Do Not Have This Conversation With Your Date!
Steer your discussion into safer waters.

Conversation between a man and a woman is wonderful. The two can help each other in so many ways: develop their personality, sharpen their social skills, grow in compassion and empathy, broaden their perspective and so on.

When a spark of romantic interest enters a relationship, this can also be wonderful. But it also complicates matters somewhat, and, handled poorly, can lead to problems.

Why problems? Because emotion—though a tremendous blessing when guided and channeled properly—is not necessarily helpful. The wrong kind of conversation between a man and a woman stokes emotion, feeds infatuation, and clouds your ability to maintain wise objectivity.

Just listen to pop radio, and you know it is easy to say things that get the juices going: I love you! I can’t live without you! I would walk 500 miles just to be with you!

We are subtler about it, but we can still stir up emotions in ways that seem gratifying but turn out to be harmful. In some situations in God’s Church, men and women are saying things to one another aimed at getting something from the other rather than really showing outgoing concern. Remember, you must give account before God for every idle word! (Matthew 12:36).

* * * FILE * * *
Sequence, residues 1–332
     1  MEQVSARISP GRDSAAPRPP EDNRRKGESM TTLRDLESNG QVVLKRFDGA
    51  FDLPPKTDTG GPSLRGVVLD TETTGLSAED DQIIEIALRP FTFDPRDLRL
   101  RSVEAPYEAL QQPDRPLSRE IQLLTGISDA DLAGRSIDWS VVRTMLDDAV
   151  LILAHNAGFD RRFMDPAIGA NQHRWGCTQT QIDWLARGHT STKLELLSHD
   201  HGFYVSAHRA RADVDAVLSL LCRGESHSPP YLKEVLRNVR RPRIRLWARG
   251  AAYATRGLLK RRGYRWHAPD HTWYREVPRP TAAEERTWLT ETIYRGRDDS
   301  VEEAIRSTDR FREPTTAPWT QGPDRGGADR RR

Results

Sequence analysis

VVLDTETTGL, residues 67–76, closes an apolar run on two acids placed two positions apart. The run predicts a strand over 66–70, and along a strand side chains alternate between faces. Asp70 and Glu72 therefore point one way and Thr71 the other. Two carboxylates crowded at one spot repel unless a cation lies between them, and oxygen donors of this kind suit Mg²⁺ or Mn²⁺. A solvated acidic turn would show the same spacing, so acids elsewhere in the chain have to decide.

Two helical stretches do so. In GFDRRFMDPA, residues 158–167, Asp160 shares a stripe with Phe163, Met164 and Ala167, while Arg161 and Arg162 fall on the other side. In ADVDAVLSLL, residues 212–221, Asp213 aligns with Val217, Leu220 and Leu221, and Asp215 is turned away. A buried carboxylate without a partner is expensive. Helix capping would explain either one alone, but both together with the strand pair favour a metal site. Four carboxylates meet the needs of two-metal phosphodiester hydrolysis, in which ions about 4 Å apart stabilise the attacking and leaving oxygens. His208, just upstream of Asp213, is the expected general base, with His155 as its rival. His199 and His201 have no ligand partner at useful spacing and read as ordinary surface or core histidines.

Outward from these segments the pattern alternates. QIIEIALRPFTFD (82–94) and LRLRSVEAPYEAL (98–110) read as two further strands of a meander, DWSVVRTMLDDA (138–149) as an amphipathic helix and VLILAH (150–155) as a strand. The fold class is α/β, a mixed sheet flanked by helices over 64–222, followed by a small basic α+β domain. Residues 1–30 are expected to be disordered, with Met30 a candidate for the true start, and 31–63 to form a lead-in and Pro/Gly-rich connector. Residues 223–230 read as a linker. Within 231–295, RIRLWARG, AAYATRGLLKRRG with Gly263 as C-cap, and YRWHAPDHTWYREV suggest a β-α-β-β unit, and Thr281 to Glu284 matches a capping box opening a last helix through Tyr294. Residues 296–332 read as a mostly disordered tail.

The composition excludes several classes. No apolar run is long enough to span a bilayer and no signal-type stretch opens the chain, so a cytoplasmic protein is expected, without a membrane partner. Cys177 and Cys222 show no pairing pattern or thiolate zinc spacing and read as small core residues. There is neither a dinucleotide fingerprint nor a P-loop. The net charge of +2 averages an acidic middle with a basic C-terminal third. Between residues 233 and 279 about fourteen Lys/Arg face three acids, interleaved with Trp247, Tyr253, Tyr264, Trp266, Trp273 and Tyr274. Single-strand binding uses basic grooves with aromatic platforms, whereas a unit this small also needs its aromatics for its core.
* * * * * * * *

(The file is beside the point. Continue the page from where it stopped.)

Here I want to help you recognize and avoid one specific trap that the desire for a relationship can easily lead you into if you are not careful.

It tends to emerge as you begin to get to know someone who appears to be a viable possibility for lifelong companionship. It is actually a specific topic of conversation that you might find yourself wanting to bring up.

I’m speaking of the conversation about us.”

Let’s Talk About ‘Us’?

This is discussion about the two of you—about your developing relationship—about how much you enjoy your time together (I’m not talking about, “Thanks, I had fun”—I’m talking about a conversation about how much fun you have together, what wonderful companions you are for each other) about the possibility of you sharing a future—about whether you’re spending enough time together—or whether you wish you could spend more time together—or how someone else asked you out but you wish you could have gone with them—etc. ad nauseam. There are thousands of variations on this theme. Whatever it is, it’s a comment or discussion that puts focus on your friendship, or your relationship.

I’m telling you, this is a trap.